Remember, different audiences will have different content needs, so consider using this helpful data to segment your customer base and personalise their on-site experience.
3. Bounce rates and other data points
Bounce rate refers to the percentage of users that land on your site, explore only one page and exit. But what your bounce rate doesn’t take into consideration is how long the user spent on that one page. So, if it’s high, don’t panic! It’s not an immediate red flag. Try not to look at your bounce rate in isolation but alongside other data points.
Consider the average session duration, whether they converted and what media is hosted on the page. Finally, understanding where their journey ends and identifying why that might be will help you make decisions to keep them around for longer. According to HubSpot, the average bounce rate sits between 26 and 70 percent. Between 26 and 40 percent is considered optimal.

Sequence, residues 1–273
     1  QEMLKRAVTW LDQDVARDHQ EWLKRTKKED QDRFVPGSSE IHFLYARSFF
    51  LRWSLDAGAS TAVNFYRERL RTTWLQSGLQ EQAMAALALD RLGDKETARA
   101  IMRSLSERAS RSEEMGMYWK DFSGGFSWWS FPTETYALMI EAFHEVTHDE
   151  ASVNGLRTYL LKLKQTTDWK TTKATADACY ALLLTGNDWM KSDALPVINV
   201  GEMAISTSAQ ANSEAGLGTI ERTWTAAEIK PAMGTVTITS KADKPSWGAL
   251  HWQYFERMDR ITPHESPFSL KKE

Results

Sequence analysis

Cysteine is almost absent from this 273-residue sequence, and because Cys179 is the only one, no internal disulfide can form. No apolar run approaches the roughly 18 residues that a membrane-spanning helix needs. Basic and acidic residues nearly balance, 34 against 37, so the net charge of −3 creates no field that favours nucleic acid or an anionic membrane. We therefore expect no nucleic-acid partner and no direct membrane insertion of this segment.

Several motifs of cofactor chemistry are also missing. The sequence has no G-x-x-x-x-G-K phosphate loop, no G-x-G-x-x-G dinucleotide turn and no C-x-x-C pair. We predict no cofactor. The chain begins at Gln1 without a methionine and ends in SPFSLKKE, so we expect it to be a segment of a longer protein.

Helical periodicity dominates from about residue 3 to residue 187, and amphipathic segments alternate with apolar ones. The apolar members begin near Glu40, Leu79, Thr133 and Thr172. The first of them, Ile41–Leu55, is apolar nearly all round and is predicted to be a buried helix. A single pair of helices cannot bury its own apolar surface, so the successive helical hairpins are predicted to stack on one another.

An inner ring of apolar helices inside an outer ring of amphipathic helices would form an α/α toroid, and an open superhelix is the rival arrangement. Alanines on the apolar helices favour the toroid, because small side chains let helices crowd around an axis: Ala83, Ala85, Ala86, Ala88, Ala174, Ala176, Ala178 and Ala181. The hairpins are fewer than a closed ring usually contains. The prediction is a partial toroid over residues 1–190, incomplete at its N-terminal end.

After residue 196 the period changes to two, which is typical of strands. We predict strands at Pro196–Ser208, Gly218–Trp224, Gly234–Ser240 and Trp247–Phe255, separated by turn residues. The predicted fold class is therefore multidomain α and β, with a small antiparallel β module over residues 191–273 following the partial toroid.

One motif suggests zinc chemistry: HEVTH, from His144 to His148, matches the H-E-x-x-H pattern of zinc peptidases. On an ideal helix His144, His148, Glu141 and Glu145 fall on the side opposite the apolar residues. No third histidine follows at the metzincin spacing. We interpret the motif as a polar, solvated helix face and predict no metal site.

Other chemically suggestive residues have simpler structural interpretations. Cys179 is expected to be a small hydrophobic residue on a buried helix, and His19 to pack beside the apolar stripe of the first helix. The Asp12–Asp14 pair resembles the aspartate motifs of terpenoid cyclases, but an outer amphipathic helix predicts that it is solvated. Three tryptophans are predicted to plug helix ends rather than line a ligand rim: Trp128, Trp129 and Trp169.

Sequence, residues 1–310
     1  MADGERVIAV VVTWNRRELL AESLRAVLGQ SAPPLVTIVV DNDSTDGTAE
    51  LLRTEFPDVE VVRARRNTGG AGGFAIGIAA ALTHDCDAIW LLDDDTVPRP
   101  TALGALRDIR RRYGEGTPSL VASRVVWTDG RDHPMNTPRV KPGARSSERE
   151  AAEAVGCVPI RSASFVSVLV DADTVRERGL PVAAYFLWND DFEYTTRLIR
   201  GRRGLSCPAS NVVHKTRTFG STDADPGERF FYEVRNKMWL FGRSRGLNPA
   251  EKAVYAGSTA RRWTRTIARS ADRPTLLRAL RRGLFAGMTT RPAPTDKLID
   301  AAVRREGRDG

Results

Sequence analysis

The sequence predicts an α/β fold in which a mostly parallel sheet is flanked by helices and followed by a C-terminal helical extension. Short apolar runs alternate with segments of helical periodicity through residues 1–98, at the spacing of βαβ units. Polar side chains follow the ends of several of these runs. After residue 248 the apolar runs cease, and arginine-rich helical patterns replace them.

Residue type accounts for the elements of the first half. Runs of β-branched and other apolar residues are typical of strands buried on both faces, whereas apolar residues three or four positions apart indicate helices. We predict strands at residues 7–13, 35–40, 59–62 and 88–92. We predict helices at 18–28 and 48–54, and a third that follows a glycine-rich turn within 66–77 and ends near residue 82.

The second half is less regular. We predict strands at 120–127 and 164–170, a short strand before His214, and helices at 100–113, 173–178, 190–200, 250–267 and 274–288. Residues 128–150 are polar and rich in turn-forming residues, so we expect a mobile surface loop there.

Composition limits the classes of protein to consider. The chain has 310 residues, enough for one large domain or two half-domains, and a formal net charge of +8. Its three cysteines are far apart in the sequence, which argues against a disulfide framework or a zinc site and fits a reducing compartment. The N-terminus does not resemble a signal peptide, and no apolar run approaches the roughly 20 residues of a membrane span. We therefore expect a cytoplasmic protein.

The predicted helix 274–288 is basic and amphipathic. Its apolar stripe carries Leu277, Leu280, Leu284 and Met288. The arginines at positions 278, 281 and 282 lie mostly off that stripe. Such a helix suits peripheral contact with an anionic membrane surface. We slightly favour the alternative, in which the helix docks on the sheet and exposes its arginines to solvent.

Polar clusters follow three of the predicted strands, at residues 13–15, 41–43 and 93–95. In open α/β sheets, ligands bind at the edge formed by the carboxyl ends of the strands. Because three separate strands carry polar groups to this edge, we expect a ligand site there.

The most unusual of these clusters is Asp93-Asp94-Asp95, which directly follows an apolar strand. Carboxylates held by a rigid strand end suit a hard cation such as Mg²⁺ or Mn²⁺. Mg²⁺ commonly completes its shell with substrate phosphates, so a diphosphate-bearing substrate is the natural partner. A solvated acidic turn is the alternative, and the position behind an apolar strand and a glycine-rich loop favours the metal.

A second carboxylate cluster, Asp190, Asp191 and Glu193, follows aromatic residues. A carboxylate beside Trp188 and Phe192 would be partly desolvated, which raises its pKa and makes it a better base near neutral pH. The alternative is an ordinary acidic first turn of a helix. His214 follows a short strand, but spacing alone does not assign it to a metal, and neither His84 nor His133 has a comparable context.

4. Conversion rates
Your website’s primary goal is to convert visitors into customers or, at the very least, marketing leads. What is considered a ‘good’ conversion rate will vary from industry to industry and business to business. But, one thing is universally true: you should always be optimising your site with conversions in mind.
Conversion Rate Optimisation (CRO) means increasing your conversion rate by making it easier for visitors to complete an intended action. That might be making a purchase, booking a product demonstration or even downloading an asset from your site. Consider things like:
Increasing site speed
Reducing image file size (<250kb)
The colour, size and location of your calls-to-action
Reducing form-fill fields